What can a landlord do if their tenant has fallen behind on rent, or has
violated one or more terms of his or her lease? For starters, we recommend
that landlords speak to the tenant and try to come to an agreement. If
back rent is the issue, perhaps the tenant lost their job, or had to go
In the best case scenario, the
tenant may simply need additional time to catch up on their rent. If your tenant
has violated the terms of the lease in another way, perhaps they are not
aware of their violations. It may be a misunderstanding.
If your tenant has otherwise taken care of the property and paid their
rent on time, you may decide that it is better to avoid an eviction by
speaking with your tenant and reaching an understanding.
However, make sure that whatever agreement you reach, whether it is temporary
or permanent, is put in writing and signed and dated by both of you.
We generally do not recommend oral agreements, and they can be much harder
to enforce in court. Instead, get the agreement in writing and ensure
that each of you have your own copy of the signed agreement.
What if your tenant is unwilling to reach an agreement? In that case, send
your tenant a letter, advising him or her that you expect them to follow
the terms of the lease agreement.
If the lease states that the tenant cannot have any dogs over 35 pounds
and you allowed your tenant to have a 75 pound Labrador, who subsequently
tore up the house and back yard, you cannot evict them unless you give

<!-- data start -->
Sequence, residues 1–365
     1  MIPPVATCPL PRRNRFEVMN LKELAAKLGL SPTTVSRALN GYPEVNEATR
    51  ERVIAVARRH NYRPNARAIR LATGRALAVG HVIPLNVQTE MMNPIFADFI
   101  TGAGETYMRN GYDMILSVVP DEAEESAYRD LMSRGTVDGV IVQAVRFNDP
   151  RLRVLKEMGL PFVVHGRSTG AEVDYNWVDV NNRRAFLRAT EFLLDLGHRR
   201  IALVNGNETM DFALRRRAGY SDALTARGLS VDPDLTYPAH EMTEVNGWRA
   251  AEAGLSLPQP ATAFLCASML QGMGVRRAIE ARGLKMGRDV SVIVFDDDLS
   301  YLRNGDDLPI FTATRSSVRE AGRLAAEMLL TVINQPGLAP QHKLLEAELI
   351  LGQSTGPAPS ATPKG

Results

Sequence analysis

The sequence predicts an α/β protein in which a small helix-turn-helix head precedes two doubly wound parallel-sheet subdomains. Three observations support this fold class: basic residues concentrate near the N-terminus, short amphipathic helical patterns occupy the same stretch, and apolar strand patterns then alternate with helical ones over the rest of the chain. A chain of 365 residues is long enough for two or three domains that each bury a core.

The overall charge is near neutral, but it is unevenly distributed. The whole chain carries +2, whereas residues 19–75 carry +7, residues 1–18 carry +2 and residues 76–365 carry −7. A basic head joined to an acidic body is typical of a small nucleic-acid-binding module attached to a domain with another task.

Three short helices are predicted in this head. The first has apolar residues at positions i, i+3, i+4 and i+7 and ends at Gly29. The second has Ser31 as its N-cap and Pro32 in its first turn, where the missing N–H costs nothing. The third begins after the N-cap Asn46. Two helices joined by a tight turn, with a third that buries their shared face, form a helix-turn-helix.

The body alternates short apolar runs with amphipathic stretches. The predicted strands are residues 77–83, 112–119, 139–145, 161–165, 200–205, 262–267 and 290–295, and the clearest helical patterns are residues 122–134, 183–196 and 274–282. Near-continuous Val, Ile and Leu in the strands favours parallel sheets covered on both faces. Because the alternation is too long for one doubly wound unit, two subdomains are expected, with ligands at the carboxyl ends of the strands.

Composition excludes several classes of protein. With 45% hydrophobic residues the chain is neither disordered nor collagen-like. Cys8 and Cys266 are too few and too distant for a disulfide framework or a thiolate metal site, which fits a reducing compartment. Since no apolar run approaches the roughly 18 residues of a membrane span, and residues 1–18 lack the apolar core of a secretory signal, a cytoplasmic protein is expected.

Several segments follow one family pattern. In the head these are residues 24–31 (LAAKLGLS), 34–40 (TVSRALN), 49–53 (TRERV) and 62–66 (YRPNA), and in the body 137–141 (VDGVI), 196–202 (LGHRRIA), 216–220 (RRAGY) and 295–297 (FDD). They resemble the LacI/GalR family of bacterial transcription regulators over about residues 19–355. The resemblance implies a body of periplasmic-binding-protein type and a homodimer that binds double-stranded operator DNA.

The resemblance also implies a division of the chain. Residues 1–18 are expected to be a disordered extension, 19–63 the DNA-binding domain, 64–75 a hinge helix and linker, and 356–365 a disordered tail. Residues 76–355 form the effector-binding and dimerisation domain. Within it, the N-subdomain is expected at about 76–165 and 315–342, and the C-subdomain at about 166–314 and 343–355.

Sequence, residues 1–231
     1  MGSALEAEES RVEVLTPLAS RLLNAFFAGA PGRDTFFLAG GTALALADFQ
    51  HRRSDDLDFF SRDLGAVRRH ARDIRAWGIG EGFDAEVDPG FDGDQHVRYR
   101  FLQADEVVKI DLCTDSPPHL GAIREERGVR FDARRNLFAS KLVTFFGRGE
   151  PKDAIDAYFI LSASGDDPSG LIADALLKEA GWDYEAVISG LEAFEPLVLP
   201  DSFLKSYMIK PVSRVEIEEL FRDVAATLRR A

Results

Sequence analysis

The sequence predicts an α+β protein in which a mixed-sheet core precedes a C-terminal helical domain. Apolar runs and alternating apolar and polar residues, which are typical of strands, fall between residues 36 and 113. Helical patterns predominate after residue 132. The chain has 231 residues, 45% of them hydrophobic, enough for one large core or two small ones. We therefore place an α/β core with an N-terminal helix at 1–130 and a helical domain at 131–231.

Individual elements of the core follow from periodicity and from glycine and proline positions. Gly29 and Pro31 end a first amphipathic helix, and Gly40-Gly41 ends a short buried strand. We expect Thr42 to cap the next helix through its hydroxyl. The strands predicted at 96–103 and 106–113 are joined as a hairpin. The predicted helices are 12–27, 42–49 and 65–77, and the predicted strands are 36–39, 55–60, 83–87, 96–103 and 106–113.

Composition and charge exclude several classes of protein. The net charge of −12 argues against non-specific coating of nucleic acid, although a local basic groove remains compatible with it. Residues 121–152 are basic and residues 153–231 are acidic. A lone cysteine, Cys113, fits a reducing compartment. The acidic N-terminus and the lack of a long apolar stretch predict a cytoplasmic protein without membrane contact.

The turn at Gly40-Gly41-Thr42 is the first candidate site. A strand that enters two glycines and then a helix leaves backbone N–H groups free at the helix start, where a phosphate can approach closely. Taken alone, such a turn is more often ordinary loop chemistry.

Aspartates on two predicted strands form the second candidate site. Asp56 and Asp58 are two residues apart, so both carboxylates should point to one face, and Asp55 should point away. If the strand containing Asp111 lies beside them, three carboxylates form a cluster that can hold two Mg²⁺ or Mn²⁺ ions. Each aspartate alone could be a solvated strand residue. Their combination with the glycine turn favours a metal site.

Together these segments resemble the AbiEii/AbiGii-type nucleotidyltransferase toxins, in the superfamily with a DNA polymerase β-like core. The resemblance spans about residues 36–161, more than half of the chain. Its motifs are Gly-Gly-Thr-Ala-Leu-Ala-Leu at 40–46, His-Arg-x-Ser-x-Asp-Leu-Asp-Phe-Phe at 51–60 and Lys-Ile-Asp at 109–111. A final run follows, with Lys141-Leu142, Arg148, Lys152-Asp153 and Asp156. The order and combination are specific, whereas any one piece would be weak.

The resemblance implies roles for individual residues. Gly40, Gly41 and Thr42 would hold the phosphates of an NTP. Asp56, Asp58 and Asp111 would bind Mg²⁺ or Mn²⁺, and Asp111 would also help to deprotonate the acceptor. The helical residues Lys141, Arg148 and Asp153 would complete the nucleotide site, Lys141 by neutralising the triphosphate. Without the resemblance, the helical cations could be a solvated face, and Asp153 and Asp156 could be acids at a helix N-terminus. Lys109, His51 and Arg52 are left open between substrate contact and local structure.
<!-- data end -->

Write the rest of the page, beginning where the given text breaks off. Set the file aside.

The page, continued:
them proper notice first.
In this case, proper notice would be a formal, written letter notifying
your tenant of your intention to enforce the lease. Additionally, you
would need to give your tenant enough time to follow the terms of the
lease and find a new home for their dog.
When You Still Want to Evict
If you still want to evict your tenant and find a better fit, it is not
a bad idea to contact your tenant and try to negotiate with him or her.
Perhaps you can offer to let them leave early, before the lease is up,
by promising not to try and collect the balance of the rent.
If all other attempts fail, and you are unable to reason with your tenant,
you will have to go to court for what is called an “Order for Possession.”
From that point forward, you ask the Sheriff to help you enforce it.
Note: If you do have a lease, you cannot evict your tenant just because
you don’t like them, or because you decided to rent the unit to
someone else. In order to evict a tenant, they must have failed to pay
rent, or violated one of the terms of the lease.
To learn more about the legal procedure for an eviction,
contact Rifkind Patrick LLC.